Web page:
That was when I decided to replace the books I had lost. I scoured old bookstores and antique shops and replaced those books I had before, but by then I had the bug and wanted a more complete collection. I have since collected well over a hundred books and am still going, much to my husband's chagrin—he just doesn't understand! His only consolation is that they are an investment that will gain value...not that I would ever sell! I have also found many others who feel the same way as me via internet forums—at least I know I'm not alone! My husband keeps buying me new "adult" books to try to cure me of my affliction. They are great to read, and certainly very stimulating—but nothing can beat curling up with a cup of coffee and going off into the dreamworld of Blyton characters, where adventures and mysteries abound, bad guys always get caught, and children escape to faraway lands. What could be better?
Laura Canning is from Ireland, and she wrote all the textual content for the Malory Towers and St Clare's pages (except for one article added afterwards).
I'm a writer from Belfast and have been reading Enid Blyton since I was about five. Rereading the Famous Five and Malory Towers was my guilty secret at university, until reading cultural studies and pop culture let me claim that to still read kids' books age 30 is actually to study post-war British culture (ahem). I'm moving into a more academic study of the books now, if only for my own self-respect, and am working on a book proposal on themes in Blyton's work.
Prabhu Viswanathan is a shoemaker from India. He's contributed reviews for various Enid Blyton novels.
Have always enjoyed the world of make-believe. It's a healthy place in which to retire every evening after work. Am unmarried but am in a longterm relationship.
Love kids, horses (though not much contact on city streets), and am a golf addict. Don't play so much as love to watch. Crazy cricket fan, and in general a sports freak. Deeply patriotic! Am an anglophile... love anything to do with the English language and the English countryside!
Live on the coast during the working year, and sometimes escape to the hills for some summer relief. My favourite author is Gabriel Garcia Marquez. Enid Blyton, of course, is not within the sphere of this discussion.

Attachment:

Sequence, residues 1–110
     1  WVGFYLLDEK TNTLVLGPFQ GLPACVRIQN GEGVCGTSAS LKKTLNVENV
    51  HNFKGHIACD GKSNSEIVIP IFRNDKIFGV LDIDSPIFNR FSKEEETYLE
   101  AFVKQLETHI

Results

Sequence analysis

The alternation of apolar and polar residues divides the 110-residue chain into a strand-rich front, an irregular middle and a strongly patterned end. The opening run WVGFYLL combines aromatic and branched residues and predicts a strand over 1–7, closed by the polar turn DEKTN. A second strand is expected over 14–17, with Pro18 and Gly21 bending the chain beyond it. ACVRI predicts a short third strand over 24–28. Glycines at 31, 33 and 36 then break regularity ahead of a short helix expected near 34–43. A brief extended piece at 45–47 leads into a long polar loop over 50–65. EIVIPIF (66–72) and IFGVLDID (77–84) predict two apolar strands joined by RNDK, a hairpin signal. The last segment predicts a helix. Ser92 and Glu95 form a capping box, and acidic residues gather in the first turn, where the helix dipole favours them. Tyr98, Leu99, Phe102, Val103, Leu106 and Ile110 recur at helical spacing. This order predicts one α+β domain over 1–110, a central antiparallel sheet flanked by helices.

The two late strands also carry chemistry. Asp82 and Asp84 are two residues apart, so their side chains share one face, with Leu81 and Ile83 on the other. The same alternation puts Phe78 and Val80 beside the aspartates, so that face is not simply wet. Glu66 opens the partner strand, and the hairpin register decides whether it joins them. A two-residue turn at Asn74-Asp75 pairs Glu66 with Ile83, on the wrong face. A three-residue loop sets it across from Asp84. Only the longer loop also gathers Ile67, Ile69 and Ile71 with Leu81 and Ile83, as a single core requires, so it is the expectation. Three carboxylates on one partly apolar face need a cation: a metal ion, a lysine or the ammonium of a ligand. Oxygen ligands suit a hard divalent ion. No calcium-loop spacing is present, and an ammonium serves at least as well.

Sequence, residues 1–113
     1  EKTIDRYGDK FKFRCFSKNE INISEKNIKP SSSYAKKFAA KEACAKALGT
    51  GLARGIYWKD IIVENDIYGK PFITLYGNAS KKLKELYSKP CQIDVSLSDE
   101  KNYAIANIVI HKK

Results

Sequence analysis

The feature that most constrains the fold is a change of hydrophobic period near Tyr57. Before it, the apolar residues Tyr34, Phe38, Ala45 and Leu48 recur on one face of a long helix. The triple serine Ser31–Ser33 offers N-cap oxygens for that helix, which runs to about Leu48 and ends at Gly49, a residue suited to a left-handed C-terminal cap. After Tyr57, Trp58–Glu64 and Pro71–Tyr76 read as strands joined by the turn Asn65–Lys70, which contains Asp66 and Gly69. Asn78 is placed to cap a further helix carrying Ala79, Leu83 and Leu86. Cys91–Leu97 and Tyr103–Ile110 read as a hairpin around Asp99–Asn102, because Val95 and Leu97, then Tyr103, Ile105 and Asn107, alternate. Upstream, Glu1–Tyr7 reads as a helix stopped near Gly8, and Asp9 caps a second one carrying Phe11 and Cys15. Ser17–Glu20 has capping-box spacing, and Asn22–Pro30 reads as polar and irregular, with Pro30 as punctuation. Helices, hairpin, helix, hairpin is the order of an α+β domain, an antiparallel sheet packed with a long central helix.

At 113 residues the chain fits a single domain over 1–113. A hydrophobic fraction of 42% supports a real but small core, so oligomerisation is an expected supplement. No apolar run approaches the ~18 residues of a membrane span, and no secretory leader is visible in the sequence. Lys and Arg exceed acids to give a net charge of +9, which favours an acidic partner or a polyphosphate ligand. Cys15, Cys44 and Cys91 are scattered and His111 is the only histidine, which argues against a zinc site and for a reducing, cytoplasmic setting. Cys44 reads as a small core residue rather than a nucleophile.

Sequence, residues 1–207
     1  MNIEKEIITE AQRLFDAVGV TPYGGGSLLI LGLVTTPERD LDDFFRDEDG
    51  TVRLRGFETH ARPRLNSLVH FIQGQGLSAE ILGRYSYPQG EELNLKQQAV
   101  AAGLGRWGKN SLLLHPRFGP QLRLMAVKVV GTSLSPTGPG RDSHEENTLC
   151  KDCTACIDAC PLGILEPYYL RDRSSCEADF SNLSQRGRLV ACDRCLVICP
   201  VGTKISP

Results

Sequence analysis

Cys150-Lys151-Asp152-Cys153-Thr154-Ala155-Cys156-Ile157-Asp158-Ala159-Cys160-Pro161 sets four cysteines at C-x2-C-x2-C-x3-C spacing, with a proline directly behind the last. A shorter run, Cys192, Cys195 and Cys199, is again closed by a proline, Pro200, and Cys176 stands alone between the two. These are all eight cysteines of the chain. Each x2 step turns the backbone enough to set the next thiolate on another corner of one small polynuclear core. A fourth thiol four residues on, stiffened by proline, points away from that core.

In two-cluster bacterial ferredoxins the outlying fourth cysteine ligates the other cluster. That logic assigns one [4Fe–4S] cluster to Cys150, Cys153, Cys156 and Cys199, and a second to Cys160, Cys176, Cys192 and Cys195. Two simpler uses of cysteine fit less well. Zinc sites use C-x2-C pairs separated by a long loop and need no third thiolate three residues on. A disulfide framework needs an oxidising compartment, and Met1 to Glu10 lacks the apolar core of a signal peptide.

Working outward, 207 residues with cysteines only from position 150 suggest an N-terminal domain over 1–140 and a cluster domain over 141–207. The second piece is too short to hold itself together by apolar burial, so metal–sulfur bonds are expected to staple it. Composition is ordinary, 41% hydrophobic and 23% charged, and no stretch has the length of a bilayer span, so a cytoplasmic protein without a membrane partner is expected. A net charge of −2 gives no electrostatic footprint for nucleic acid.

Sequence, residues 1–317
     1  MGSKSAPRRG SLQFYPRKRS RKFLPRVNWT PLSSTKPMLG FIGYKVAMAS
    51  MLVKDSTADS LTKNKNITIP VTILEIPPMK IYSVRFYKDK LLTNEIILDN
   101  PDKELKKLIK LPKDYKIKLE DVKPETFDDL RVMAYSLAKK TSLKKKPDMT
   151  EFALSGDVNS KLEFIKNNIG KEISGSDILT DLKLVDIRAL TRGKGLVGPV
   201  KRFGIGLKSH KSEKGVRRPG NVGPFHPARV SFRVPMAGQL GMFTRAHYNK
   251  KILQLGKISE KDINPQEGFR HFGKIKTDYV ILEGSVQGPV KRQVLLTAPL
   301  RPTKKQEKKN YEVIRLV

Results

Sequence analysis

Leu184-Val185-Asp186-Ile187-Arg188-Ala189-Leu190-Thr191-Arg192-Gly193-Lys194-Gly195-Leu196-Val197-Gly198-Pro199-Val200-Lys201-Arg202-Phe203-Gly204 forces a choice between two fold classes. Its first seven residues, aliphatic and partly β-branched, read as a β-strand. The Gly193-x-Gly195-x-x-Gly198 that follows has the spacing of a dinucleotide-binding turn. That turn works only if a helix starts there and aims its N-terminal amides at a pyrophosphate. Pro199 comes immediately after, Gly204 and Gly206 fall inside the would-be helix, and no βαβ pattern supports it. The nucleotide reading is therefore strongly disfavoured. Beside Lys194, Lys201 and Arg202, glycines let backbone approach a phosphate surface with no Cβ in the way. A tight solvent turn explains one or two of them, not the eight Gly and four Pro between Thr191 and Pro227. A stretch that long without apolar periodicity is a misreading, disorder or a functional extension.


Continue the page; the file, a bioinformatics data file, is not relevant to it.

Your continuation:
I like Phantom comics (Strength of Ten Men, Ghost Who Walks), Mandrake the Magician (gestures hypnotically), Richie Rich... all these being memories of childhood. Given the opportunity, I'd live life forever as a school-going boy. Now, of course, I'm an office-going boy!
I remember the first Blyton book I got my hands on was Naughty Amelia Jane. From then on I devoured them as fast as I could get them. Some of the best times of my childhood were spent in an old bookshop, reading Blyton; I couldn't wait till I got home. I thought I had grown out of them in my teens, but secretly, I couldn't get Fatty and the others out of my mind. I finally gave in to temptation and found Blyton's world was as thrilling at 34 as it was at 6.
While the Five Find-Outer series has always been my favourite, as an adult I read her Family Books with a deeper appreciation, revelling in her simple worlds where missing parents return safe and sound, financial problems are solved by finding hidden treasure, and there's always a smashing picnic to round things off.
Nakul Datar from Los Angeles, USA, is currently earning a Bachelors in Computer Engineering at USC. He created some of the textual content for the Secret Seven and Barney Mysteries pages.
I got addicted to Enid Blyton because of the picturesque settings, the details (such as the amount of coconut on macaroons), and of course the ginger beer. The premise of the stories, while being complicated enough (especially the Five Find-Outer mysteries), never required multiple passes to understand it. And I liked the fact that the lives of the children continue while they are investigating the mysteries.
I always liked the wording, which I felt was in a conversational tone and not like something spit out of a theasaurus. The books were never unnecessarily forbidding. Though most facts relate to real life (or did, in her time), she did not overdose the books with too much reality; we can see the grim nature of the real world by reading the news!—and besides, I would not have wanted to learn that the world was full of thorns at age 9.
Lastly, the moral principles described in the books hold true irrespective of the generation, and I believe that the lessons learnt by readers from Amelia Jane three decades back would differ very little from lessons learnt by readers today.